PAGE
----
I have a feeling, if I told you, “Today we are going to watch documentaries on how to make mud,” you would all of a sudden remember you had a dentist appointment. And I wouldn’t blame you. You know what, on second thought, I have a dentist appointment too.
Devotional Scripture: Exodus 25:1-9
Key Verse: “And let them make me a sanctuary, that I may dwell in their midst.” Exodus 25:8
Or maybe you would tell me, “Stacey, I don’t need to watch documentaries on mud. I already know how to make mud.” (The been there done that mentality.) Or if you’re like me you might ask, “Well, are there snacks? I mean, I’m game if there’s snacks.” (The what’s in it for me mentality.)
Nothing wrong with snacks by the way. The problem is any of those three is how we tend to approach certain segments of Scripture. One of those segments being the latter half of Exodus wherein God gives us the ins and outs of the construction of the tabernacle.
Which I will say, is tedious. The instructions at times hard to grasp. Like the giant dollhouse I made my husband put together a few years ago for our daughter’s birthday. (And when I say giant, I mean giant. It’s like five feet tall.) Up until well after midnight putting that thing together, I wondered a few times if it would end up on the other side of the window. Or better yet – if I was going to end up on the other side of the window. (Just kidding. Kind of.)
But if we push through and do the work required, we won’t be sorry. (Well, maybe I’m sorry I bought the dollhouse, but I’m definitely not apologizing for Scripture.) The tabernacle is a masterpiece. Not only is it a copy of the things which are in heaven (I mean, how cool is that?), but it portrays the person and work of Christ in brilliant forms.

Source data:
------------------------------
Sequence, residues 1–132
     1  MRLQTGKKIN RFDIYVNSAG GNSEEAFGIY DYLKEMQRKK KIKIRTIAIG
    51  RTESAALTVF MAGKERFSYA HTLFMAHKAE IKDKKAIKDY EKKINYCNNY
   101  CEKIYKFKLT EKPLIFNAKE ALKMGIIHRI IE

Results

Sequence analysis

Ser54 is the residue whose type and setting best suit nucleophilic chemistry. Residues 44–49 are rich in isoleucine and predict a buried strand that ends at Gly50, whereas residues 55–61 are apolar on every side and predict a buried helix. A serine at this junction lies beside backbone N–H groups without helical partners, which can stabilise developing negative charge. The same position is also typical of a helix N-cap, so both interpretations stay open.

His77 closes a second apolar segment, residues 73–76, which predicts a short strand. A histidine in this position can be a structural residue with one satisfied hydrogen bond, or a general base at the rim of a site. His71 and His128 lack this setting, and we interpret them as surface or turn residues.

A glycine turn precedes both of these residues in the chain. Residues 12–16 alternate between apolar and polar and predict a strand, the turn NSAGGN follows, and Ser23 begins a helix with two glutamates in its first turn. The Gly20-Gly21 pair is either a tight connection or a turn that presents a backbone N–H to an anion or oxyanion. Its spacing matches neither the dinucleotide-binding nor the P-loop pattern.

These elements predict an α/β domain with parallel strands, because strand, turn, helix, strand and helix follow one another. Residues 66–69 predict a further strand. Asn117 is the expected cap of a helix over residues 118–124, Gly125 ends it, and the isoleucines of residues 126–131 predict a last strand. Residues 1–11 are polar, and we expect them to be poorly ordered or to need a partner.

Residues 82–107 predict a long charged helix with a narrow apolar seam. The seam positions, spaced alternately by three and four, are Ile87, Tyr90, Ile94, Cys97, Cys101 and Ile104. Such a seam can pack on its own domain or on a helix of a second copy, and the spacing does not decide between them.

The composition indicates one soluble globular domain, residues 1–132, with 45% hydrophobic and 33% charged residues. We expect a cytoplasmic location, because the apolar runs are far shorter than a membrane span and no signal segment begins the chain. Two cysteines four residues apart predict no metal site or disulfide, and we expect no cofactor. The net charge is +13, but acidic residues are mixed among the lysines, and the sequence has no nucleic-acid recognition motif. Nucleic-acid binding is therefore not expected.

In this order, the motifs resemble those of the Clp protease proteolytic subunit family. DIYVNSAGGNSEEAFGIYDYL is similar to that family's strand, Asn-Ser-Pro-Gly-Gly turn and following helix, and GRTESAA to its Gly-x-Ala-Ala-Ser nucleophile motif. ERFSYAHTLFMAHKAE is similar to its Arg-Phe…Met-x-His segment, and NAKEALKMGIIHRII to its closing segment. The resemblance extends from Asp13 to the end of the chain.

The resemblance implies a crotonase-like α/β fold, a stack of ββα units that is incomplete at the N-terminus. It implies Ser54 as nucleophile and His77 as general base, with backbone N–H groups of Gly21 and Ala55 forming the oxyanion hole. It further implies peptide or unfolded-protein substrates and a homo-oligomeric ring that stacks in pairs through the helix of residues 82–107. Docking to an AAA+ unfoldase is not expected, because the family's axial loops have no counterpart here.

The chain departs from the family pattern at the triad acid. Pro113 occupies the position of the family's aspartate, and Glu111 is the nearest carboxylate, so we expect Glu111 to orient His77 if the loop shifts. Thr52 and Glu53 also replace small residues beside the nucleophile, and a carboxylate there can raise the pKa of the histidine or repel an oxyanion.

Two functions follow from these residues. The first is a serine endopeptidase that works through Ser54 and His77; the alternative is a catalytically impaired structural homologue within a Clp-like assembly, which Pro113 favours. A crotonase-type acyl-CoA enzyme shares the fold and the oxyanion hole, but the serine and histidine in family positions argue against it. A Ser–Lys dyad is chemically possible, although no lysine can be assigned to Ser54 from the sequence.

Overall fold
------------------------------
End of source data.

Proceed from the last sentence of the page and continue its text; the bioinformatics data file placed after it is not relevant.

- The tabernacle was a temporary tent housing the glory of God. It served its purpose well but it was not God’s plan to stay in a tent forever. Once Israel was established in Canaan God replaced the tabernacle with a more permanent structure, the Temple. (Which was a stately sight, I’m sure.) Likewise, Jesus Christ, in the body of a common man, was a temporary tent housing the glory of God. For he is “the radiance of the glory of God and the exact imprint of his nature” (Heb. 1:3). But now Christ, having done the work required of him, permanently reigns in his glorified state. (And I have no doubt, it’s a stately sight.)
- By the looks of things, the tabernacle was nothing special. An outer layer of goatskins hid the tabernacle’s inner glory. It’s bases of silver and walls of gold were unseen to the average passerby. In essence, it had a humble appearance. Just as our Savior, the holy and righteous Son of God, had “no form or majesty that we should look at him, and no beauty that we should desire him” (Is. 53:2).
- Yet that is where God dwelled. First in a tabernacle made of acacia wood and goatskins and then in the unpretentious flesh of man. The Most Holy Place, aka. Holy of Holies, unable to contain His glory. Just as human skin was unable to contain the glory of Christ. For “we have seen his glory, glory as of the only Son from the Father” (John 1:14).
- Furthermore, the tabernacle was Israel’s gathering place. Just as Christ is our gathering place. “For where two or three are gathered in my name, there am I among them” (Matthew 18:20). A church might be the place we assemble, but it’s Christ who brings us together. It’s in Him we unify, bonded together by the will of God.